For Release Sunday, January 11, 2009
© 2009 Washington Post Writers Group
Public transit was scorned by vast majorities of Americans for a half century after World War II. But might it become the central development key for America’s 21st century cities and their metro regions?
That’s the audacious “green” formula of the authors of a just-released blue-ribbon commission report– “Sustainability and the MTA” –for New York’s Metropolitan Transportation Authority.
It’s true, New York with its 8.5 million daily trips, comprising to 40 percent of all U.S. bus and subway ridership, seems like a transit outlier.
But ridership is now surging nationwide (even with $1.50 gas). And for cities aiming to be “green” and globally competitive, New York’s transit-centered approach poses a powerful model.
MTA’s commission was headed by Jonathan Rose, an illustrious developer of environmentally friendly and transit-accessible housing. Rose insists that transit is the necessary centerpiece of planning the future as the New York region adds an expected 4 million new residents and 3 million new jobs by 2030. If New York or any other region hopes for a sustainable future, he insists, development needs to be channeled carefully, consistently, into transit-oriented clusters rather than sprawl.
Plus, Rose argues, a strong and expanding transit system can organize and help grow the region so that it cuts back sharply on its carbon emissions, competes efficiently with other leading world cities by reducing wasteful traffic congestion, and advances social equity by making jobs accessible to all residents.
New Yorkers can already boast their transit system makes the city and region America’s green leader. MTA’s buses, subways and commuter trains remove some 3 million drivers from the roads each day. And they do it at twice the energy efficiency of the most advanced hybrid cars, registering a massive “carbon avoidance” benefit. The high-density, high-transit model translates into per capita energy consumption just one quarter the national average.
But the secret’s not just having more transit lines–though the commission recommends the MTA do just that. It’s about shifting zoning and other policies to make sure the lion’s share of new residential and business development is located in transit-accessible city and neighborhood cores. And then insisting the “last mile” of transit accessibility be covered by flexible feeder buses as well as pedestrian and bike improvements.
Cars and trucks won’t go away under this new approach. But the region will have a more efficient, “robust, resilient, multimodal, fine-grained system,” argues Rose.
The blue ribbon commission was a picture of inclusiveness–transit and rail professionals to regional citizen groups, utility executives to sustainability advocates. Line managers from MTA’s vast rail-bus-bridge authority were active on project task forces. And Obama-style, all 68,000 MTA workers were polled for their ideas, with a big crop of creative responses.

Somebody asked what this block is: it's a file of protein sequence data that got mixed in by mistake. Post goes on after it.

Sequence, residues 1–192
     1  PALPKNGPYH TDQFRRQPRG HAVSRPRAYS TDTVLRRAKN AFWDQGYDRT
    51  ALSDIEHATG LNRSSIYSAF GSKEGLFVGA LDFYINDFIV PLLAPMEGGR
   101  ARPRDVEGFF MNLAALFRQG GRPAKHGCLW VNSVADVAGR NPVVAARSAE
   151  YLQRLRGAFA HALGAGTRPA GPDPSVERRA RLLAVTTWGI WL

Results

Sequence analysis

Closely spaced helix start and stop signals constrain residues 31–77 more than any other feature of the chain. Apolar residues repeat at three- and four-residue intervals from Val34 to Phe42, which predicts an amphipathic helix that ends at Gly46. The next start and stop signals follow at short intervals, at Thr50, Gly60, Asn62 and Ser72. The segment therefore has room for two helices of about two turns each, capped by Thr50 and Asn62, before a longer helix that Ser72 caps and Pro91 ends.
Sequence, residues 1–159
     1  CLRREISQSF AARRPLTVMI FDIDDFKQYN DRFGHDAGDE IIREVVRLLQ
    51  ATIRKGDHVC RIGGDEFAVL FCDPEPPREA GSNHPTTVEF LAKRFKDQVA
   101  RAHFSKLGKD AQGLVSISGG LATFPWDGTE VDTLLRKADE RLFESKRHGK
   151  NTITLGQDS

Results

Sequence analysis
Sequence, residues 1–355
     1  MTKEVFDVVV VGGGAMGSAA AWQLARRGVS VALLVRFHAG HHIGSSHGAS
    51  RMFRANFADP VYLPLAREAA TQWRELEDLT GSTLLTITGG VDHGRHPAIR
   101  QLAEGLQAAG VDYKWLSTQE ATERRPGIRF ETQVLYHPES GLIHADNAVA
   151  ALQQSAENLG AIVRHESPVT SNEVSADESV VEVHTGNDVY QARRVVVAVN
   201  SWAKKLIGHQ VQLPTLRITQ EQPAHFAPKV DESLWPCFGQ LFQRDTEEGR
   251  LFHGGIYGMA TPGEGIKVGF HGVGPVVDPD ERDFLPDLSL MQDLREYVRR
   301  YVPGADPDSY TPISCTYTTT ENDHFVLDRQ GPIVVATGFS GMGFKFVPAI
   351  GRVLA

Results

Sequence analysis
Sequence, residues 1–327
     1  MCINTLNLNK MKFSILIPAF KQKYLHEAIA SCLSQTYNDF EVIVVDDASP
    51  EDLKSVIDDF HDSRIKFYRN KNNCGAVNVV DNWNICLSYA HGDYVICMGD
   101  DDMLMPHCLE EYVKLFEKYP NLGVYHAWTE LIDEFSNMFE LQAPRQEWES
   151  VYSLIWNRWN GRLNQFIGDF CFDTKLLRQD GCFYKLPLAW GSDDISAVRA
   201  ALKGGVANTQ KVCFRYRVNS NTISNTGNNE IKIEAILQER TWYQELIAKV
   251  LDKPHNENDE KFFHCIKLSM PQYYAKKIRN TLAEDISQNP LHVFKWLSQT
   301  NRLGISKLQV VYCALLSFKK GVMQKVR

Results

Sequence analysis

Major goals and a plethora of “green” ways to conserve, avoid pollution, and cut carbon emerged. By 2050, it’s suggested, MTA should draw 80 percent of its energy from renewable sources–among them a big set of wind farms 13 miles off the Long Island coast. Through such measures as energy retrofits and new braking technologies, it would cut its operational energy use sharply. It would apply high LEED (Leadership in Energy and Environmental Design) standards to all its building projects. It would apply green standards to its waste flows, even take care to substitute rainwater and “greywater” for its massive daily washdown of thousands of buses.
Will a new transit era require “megabucks”? The answer is definitively yes. The commission believes $75 billion to $100 billion will be needed between now and 2019 “to prepare MTA and its service region for a sustainable future.” A separate commission has come up with a $30 billion estimate for capital improvements by 2014. It’s headed by Richard Ravitch, the business leader who, as MTA chair in the 1980s, introduced new financing to save the system from ruination in a low-point of frequent breakdowns, graffiti-splattered cars and troublesome crime.
Admittedly, advancing New York for transit in the face of recession will be tough. But the city’s civic leadership is remarkable and it’s had decades of high quality mayors, including Mayor Michael Bloomberg and his imaginative department heads pushing a “PlaNYC” to green the entire city. Predictably, the New Yorkers are hoping some Obama stimulus money will help push their green transit agendas forward.
Could a New York-style formula apply to regions nationwide? Absolutely, asserts Robert Yaro, a member of MTA’s blue ribbon commission and president of New York’s Regional Plan Assn.: “If this process were replicated in the 45-plus U.S. metros that already have urban and regional rail systems, which collectively are home to two-thirds of our national population, it would go a long ways towards achieving national mobility, a national climate and energy strategy.”
Think of it, Yaro suggests, as a “stealth national development/metro development/energy independence/climate strategy” for the entire United States.
Neal Peirce’s e-mail is email@example.com.
For reprints of Neal Peirce’s column, please contact Washington Post Permissions, c/o PARS International Corp., WPPermissions@parsintl.com, fax 212-221-9195. For newspaper syndication sales, Washington Post Writers Group, 202-334-5375, firstname.lastname@example.org.